Our daughter’s wedding was fast approaching on Tuesday, December 28th, and Omicron was proving to be the black shadow that cast a cloud on the whole thing. One by one, friends and relatives messaged us that they could not come, due to illness or fear of illness. Plus, we had been planning an outdoor chuppah, and the weather forecast was calling for 100% chance of rain, all day. You don’t see a bold prediction like that too often. I completely understood all of it, but was feeling terribly disappointed.

Then our son tested positive for Covid. Six days before the wedding. 

I was devastated. We had worked so hard to bring our daughter home from Israel, booking her tickets before Israel reopened its borders and ticket prices surged, then a few weeks later, scrambling to change her ticket so she could travel before the US became a “red country,” barring travel altogether. We were continuing to monitor the situation to figure out if and how she could return to Israel afterwards. It was so important to us to have everyone together. Then our son, who lives four miles away, tested positive and couldn’t there? It was hard to stomach.

I told my son to ask his doctor if there was any way his quarantine could be shortened, considering his illness was very mild, he was totally vaccinated, and had already had Covid. But before he could get ahold of his doc, on Monday, the day before the wedding, the CDC came out with a new statement: Quarantine times, once symptoms were gone, could be shortened to five days instead of ten.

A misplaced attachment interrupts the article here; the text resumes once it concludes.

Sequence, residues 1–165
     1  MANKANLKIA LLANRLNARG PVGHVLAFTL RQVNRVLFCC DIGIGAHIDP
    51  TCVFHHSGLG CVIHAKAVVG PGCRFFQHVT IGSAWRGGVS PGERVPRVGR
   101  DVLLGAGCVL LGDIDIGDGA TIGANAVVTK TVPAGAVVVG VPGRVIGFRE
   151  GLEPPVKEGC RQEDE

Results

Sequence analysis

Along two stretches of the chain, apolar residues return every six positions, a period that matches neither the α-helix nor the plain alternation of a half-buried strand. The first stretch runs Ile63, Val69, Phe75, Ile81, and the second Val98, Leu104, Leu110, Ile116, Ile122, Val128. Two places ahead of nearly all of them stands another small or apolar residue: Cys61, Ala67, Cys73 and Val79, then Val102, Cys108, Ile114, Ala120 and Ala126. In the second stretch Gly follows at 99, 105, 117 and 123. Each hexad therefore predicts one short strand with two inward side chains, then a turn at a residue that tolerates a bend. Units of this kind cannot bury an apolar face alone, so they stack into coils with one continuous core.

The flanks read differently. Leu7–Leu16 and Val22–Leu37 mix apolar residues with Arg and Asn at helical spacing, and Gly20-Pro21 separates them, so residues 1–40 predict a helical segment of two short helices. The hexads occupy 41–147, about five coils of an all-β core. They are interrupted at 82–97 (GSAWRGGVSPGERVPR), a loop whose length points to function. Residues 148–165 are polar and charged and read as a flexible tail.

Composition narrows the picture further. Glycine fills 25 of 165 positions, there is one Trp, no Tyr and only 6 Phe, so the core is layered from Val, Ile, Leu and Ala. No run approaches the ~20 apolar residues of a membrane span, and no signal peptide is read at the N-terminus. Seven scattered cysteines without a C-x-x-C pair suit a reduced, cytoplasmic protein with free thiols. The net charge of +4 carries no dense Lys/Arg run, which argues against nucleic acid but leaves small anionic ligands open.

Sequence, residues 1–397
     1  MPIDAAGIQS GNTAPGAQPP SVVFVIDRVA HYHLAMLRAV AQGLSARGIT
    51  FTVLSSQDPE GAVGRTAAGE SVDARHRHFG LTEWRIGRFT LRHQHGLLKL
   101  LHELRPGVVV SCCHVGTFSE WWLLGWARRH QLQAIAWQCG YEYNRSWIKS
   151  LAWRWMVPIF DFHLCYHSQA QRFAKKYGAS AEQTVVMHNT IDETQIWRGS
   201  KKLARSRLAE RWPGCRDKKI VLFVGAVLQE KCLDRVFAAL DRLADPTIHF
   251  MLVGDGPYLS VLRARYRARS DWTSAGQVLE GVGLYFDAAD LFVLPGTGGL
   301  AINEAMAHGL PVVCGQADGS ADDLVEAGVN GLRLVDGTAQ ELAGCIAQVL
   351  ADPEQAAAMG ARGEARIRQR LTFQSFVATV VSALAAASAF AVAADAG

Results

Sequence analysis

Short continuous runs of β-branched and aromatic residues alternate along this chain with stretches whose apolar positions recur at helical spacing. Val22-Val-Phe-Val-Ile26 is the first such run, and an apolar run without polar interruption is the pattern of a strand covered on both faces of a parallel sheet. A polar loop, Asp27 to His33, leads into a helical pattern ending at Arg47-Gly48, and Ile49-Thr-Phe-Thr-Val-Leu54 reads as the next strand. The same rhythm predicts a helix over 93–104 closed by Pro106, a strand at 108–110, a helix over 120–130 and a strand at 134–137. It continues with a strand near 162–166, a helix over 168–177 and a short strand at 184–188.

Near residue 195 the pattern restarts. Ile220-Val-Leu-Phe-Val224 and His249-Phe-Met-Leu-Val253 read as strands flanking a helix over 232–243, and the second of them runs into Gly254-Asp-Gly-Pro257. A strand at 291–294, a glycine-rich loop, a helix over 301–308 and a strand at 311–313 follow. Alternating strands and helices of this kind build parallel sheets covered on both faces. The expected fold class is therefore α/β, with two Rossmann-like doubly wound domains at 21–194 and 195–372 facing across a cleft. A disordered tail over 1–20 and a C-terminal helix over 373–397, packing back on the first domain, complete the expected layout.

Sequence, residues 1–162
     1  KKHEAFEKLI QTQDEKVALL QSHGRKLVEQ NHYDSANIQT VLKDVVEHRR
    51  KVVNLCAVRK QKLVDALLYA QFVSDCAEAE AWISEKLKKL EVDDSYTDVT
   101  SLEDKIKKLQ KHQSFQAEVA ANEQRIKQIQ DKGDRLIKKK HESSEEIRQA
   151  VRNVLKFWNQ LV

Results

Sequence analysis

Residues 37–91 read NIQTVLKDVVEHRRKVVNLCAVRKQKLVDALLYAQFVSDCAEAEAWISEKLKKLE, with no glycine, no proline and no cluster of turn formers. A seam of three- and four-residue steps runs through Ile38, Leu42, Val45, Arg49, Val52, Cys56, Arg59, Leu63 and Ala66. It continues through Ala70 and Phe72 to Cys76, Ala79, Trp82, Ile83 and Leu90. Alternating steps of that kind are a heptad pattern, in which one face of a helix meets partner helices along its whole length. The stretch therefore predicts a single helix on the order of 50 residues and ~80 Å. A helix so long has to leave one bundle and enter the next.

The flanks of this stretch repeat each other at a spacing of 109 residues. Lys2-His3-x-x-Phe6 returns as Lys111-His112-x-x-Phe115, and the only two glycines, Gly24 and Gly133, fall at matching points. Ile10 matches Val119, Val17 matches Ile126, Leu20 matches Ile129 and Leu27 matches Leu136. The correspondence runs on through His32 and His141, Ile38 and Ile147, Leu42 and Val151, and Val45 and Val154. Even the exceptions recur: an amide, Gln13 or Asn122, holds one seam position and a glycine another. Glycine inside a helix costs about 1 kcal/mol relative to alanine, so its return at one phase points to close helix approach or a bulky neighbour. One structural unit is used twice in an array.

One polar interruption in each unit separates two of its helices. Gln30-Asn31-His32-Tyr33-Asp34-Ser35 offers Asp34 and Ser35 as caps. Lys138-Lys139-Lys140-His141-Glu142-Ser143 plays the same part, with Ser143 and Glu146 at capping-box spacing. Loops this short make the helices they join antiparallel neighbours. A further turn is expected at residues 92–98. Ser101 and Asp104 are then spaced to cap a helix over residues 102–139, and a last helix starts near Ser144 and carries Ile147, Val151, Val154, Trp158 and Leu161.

This news broke on Monday. His fifth day of quarantine, and the day before the wedding. 

The rain stopped that Tuesday in the afternoon. It changed over to snow (much better in my opinion). We had ordered two cases of umbrellas, arranging them nicely in a little basket for all who wanted. No one touched them, because the snow stopped too, leaving us with an ethereal white blanket against which to have our magnificent outdoor chuppah.

I have to say that I’m very proud of myself. Because on the Sunday before the wedding, I was Mrs. Grumpy. The weather, Covid, it was all getting to me. These are things you just can’t plan for. But then on Monday morning, before anything changed, I woke up and said to myself, “Self, enough being grumpy. Now it’s time to cheer up, focus on the positive, and put on your game face. Your daughter is getting married and that’s all that matters right now! Whoever is meant to be there will be there. Whatever the weather is meant to be, it will be. So cut it out and get back to living.”

This little pep talk actually worked. And then I got the news about the CDC and the next day saw my fears about the weather disappear like a puff of smoke. But the important thing here is that I was in charge of my mood, and I decided to cheer up whether my desires were fulfilled or not. And that’s the part that’s in my hands, and that’s why I’m proud of myself. Because I always want to be the kind of person    who maintains her own happiness in the face of struggle, but sometimes when emotions are high I forget my commitment to myself.

It’s so easy to forget, to obsess over the details and lose sight of the big picture. And when we don’t, it’s like a seismic spiritual earthquake. And the bride and groom got married either way, with or without Covid, with or without rain, because the important things in life are too special to be ruined by details.

Mazel Tov!